In addition to these piston based ammunition, there are also non-lethal projectiles which may be used. For example, U.S. Pat. No. 5,652,407 to Carbone discloses an ammunition round in which a number of cylindrical projectiles are fired from the round. The projectiles fly in various orientations, striking the target at different locations. The projectiles may be used with an associated dye which marks the target for subsequent identification.

U.S. Pat. No. 6,283,037 to P. J. Sclafani discloses a shot round that features an elastomeric sack, such as a latex sack, filled with a packed particulate load, such as sand, sawdust, soil or grease. The round is constructed with a cylindrical base into which a plastic hull is inserted. The plastic hull extends from the bottom of the base to a closed top end of the hull. Within the round, a wad separates the powder propellent within the base and the chamber above the base encased by the hull. The elastomeric sack is located within this chamber. Additionally the elastomeric sack may contain a dye which would leave a mark on the location of impact. The dye may be separated from the particulate load by a membrane.

When the round is fired, a primer within the base ignites the powder with the base. The power explosion causes the wad to project the particle packed elastomeric sack from the hull. The elastomeric sack is sufficiently packed to allow for a relatively long distance, i.e. a few hundred yards, with good accuracy. As the elastomeric bag travels it expands slightly. If a dye is included in the elastomeric bag, the different densities of the dye and the packed particle load cause the two elements to mix within the elastomeric bag. Upon impact, the elastomeric bag disintegrates, spreading the force of the impact over an area of the target. As the elastomeric bag ruptures the packed powder disperses. If a dye is included, the target will be marked with the dye. The round provides a cost effective non-lethal projectile alternative which may be used with conventional shotguns.

Although several different non-lethal projectiles are known, there is still a need for a non-lethal projectile which is simple to manufacture, has adequate range and accuracy, may be made from conventional materials, and may be fired from conventional weapons.

It is an object of the invention to provide a cost effective shotgun round which may disable a targeted individual without using lethal force. This round should have adequate accuracy, range and stopping power to be used in tactical situations.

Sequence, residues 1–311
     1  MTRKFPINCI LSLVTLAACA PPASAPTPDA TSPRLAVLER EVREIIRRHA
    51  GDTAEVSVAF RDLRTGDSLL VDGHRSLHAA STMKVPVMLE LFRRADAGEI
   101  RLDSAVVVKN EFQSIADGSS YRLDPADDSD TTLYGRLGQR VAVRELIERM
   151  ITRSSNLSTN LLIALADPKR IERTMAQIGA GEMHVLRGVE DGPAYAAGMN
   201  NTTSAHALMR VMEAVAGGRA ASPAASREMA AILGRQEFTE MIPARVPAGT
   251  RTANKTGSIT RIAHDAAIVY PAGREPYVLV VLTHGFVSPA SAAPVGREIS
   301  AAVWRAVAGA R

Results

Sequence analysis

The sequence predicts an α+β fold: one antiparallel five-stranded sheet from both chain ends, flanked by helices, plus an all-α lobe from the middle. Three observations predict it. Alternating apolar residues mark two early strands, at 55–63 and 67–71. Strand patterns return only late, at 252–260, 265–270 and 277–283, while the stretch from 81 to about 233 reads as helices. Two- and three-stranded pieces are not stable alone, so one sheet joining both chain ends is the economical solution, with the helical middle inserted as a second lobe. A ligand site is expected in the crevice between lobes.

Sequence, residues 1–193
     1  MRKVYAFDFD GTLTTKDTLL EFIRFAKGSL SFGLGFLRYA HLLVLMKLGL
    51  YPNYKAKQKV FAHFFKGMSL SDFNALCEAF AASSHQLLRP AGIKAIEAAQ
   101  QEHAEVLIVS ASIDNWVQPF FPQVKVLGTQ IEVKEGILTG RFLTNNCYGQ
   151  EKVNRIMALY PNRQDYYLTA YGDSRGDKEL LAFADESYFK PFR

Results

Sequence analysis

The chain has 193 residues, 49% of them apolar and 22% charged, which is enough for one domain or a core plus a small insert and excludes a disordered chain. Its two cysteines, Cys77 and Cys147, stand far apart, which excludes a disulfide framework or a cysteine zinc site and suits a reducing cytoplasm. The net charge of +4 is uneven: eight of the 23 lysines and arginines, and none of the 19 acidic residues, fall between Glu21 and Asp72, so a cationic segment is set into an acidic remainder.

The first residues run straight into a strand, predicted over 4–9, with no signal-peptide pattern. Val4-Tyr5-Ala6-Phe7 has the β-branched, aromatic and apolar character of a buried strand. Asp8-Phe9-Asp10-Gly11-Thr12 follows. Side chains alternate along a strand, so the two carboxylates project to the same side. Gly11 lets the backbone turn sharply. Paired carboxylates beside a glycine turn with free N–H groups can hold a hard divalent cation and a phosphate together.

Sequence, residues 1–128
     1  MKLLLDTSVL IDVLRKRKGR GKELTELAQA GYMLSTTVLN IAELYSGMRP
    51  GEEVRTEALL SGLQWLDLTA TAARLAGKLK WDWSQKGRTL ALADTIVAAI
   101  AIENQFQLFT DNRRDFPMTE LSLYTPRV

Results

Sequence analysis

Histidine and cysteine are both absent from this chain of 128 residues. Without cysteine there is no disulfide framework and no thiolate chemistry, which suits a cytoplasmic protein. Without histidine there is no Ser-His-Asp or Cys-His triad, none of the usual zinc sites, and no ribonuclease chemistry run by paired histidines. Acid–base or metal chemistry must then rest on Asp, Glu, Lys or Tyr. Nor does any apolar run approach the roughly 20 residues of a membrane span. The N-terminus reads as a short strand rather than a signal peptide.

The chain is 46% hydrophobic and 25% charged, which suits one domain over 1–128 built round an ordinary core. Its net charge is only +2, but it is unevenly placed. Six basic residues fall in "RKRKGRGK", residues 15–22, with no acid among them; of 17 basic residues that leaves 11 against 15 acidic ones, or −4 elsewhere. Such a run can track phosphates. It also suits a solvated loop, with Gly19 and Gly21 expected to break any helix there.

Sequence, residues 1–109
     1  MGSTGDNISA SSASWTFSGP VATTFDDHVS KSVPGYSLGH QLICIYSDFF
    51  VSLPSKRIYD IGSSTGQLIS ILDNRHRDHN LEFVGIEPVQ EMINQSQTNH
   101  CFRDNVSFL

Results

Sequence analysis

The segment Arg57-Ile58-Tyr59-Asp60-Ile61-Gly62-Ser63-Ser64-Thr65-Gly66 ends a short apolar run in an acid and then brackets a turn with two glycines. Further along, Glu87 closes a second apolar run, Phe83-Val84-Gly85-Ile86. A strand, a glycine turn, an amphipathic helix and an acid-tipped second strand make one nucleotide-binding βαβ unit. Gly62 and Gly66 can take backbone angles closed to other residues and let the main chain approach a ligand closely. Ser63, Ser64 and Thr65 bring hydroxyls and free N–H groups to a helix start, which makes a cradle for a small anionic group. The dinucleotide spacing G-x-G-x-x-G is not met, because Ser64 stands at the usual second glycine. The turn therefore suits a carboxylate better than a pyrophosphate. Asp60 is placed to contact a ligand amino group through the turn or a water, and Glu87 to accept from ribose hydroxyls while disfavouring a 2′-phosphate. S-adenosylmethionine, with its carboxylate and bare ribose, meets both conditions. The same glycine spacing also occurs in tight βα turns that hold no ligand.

It is an additional object of the invention to provide a round of ammunition which may be manufactured with inexpensive, conventionally available materials.

It is an additional object of the invention to provide a shotgun round which leaves a mark on the target for subsequent identification, if desired.


The above objects have been met with a shot round similar to the prior ’037 patent, described above, except that instead of using the outer plastic hull as the container for the elastomeric sack, now a styrofoam cylinder is used as an inner container coaxial with the outer plastic hull, i.e. a cylindrical foam liner is used within an outer cylindrical casing to contain the elastomeric sack with a load or projectile. Dye may be contained in the elastomeric sack with the load, separated from the dye by a membrane. Propellant is separated from the sack by a wad. A cap is used to close the casing and inner liner. Use of foam liners provides energy dissipation as well as trajectory guidance for the elastomeric sack.


FIG. 1 is a cutaway view of a non-lethal round of ammunition including a projectile surrounded by a foam liner.

FIG. 2 is an exploded view of the non-lethal round of FIG. 1.

FIG. 3 is a perspective view of a barrel of a gun discharging the non-lethal round of FIG. 1.


With reference to FIGS. 1 and 2, there is seen a non-lethal round of ammunition round 8 comprised of a base 10 and an outer cylindrical casing 18, for example plastic hull 18, inserted within the base. The top of the plastic casing 18 is shut with, for example a cap 13. Inserted into the bottom of the base 10 is a propellant for propelling the round, including, for example, primer 12. Primer 12 may be electronic, for example, a spark plug-like structure, or chemical, for example a laquer seal. Contained with the outer casing 18 is an inner cylindrical foam liner 23, such as a Styrofoam® liner, containing a non-lethal projectile. In one example, the non-lethal projectile is an elastomeric bag 24 including particles having sand or dye (such as the non-lethal round described in the '037 patent described above). The elastomeric bag 24 is surrounded by the foam liner 23. An inner cylindrical casing 21 may be disposed within the outer casing 18 and the foam liner 23 may be disposed within the inner cylindrical casing. The foam liner 23 guides and contains the non-lethal projectile.

With reference to FIGS. 1 and 3, upon firing the shotgun round 8 from the shotgun barrel 25, the primer 12 ignites the propellant powder 14 exerting a force on barrier/wad 16 and expelling the elastomeric bag 24 and Styrofoam® liner 23 from the hull 18. Styrofoam is a registered trademark for expanded plastic made of polystyrene. Upon firing, the Styrofoam® liner 23 and non-lethal projectile 24 leave the shotgun barrel. The foam liner 23 guides the projectile 24 and dissipates some of the projectile energy so as to prevent the projectile from severely injuring a person. For example, without the Styrofoam® liner 23, the projectile 24 could penetrate the skin of the targeted person. The foam liner 23 breaks apart into foam particles 29, as seen in FIG. 3, while the projectile 24 hits its target 27. Upon impact, the elastomeric bag 24 will deform from an elongate projectile to a wider impact surface, as shown in FIG. 3. Upon impact, the elastomeric bag may rupture. A high density particle load, such as sand or materials described in the '037 patent may be used.